As the news of the Blues had begun to dominate the television, she started hearing less and less from her friends. No calls, then no posts, and then no one was responding to her messages. The news was splitting its time between death tolls and vaccine information. The usual flu vaccine wouldn’t work, of course, this was a whole new strain. But the CDC was confident a new vaccine could be made, and fast.
It hadn’t been fast enough.
She had had enough in her house to stay there for weeks. It wasn’t until the major networks finally went down that she left the house, searching for something, someone, careful. So careful. She wasn’t going to get the Blues, that she was sure of.
Myra sat down on the edge of the bed. She was still wheezing. Slow, deep breaths. That was all she needed. Spring was here, and her allergies and asthma were working their way up from ‘manageable’ to ‘bad.’ She never thought she’d actually miss her inhalers.
It was only a few weeks after she’d found the Biddies that Keith showed up, and with him a terrible story. He’d come from Denver. There were people there, joining together from all the suburbs, trying to form some sort of town, and they had been doing well until the Blues had shown up.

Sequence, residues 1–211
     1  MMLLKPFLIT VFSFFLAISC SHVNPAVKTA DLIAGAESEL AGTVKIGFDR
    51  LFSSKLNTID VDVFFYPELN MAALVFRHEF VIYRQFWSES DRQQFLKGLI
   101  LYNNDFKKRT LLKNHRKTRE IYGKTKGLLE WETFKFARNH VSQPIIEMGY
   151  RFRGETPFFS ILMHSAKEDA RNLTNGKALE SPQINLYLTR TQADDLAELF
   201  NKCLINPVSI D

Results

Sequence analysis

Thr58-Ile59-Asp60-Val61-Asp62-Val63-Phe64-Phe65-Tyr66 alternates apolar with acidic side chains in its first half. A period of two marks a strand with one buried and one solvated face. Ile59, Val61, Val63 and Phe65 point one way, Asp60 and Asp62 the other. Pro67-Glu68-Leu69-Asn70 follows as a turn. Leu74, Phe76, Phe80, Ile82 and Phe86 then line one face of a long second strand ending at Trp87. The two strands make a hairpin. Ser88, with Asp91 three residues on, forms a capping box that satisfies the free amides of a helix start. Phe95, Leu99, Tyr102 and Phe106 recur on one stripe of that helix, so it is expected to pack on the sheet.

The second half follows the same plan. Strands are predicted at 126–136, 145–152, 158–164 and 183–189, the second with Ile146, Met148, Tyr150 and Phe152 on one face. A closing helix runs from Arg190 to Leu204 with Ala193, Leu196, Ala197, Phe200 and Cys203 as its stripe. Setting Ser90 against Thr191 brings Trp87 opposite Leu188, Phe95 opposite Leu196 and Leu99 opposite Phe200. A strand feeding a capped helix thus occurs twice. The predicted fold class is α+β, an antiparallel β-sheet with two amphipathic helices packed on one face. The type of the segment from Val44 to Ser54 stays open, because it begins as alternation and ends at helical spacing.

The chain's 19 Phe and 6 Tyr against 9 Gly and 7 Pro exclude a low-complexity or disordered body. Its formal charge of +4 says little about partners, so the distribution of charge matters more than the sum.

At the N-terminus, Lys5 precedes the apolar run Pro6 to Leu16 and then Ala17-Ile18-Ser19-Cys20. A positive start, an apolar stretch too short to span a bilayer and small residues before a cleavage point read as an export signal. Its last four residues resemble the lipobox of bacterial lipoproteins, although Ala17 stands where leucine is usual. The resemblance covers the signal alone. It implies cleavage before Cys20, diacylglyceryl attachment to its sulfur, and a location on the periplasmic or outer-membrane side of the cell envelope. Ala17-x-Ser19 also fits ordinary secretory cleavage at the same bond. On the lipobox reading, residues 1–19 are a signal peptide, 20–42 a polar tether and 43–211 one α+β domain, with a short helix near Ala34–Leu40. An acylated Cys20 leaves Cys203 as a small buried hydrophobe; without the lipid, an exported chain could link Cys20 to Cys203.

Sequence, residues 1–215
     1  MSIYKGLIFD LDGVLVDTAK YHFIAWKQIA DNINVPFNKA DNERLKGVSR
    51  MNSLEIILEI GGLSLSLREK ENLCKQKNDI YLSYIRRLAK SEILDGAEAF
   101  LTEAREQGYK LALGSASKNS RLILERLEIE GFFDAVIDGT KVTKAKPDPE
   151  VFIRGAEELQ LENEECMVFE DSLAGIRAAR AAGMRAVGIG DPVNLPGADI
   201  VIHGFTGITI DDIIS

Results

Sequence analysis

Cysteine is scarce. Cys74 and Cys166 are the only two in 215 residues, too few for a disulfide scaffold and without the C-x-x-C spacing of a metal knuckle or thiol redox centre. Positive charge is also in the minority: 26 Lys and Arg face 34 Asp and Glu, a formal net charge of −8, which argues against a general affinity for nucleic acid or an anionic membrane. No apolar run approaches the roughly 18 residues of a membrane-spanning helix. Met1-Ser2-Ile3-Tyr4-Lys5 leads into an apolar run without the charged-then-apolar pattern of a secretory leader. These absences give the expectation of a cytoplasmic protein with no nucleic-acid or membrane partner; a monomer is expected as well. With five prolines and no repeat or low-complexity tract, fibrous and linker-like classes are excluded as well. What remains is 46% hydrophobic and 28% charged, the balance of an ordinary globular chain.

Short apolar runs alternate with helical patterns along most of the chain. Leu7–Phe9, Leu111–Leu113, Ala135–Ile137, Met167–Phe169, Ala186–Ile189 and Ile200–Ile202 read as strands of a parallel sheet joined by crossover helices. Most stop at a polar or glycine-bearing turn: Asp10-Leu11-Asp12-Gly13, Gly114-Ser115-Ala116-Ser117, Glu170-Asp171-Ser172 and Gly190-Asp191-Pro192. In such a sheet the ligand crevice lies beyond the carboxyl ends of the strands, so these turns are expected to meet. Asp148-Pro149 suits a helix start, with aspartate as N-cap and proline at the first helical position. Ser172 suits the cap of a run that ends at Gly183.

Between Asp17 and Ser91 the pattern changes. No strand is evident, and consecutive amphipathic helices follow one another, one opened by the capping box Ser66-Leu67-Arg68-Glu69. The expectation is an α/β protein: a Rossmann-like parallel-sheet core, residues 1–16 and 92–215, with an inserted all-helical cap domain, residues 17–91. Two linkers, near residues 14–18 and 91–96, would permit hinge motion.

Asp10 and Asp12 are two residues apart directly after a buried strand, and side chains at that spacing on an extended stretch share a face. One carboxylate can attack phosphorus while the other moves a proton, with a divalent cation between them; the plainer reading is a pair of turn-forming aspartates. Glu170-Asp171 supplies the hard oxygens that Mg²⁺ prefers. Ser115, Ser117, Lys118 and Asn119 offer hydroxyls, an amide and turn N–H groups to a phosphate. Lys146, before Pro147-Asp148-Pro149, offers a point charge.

“What do you mean, shown up?” John had asked. “Had the city somehow avoided it?”
But Keith had shook his head. “No, they got it. Someone came in just two weeks ago, they thought from the Springs, and they had it. And the people who got it the first time around were fine.”
“But the people who had avoided it?” Myra had asked with a watery voice.
Keith had just shook his head.
She had successfully avoided getting the Blues, and that was supposed to be a good thing. Myra had thought it was all over, but it wasn’t. Most everything was but the damned thing that had finished it all.
The Blues was still out there, and Myra could still get it.
After ten minutes, Myra finally opened the door and brought in the tray of food. She was glad that the strange man was looking a little less trapped. For herself, she was fairly certain she’d die in this room.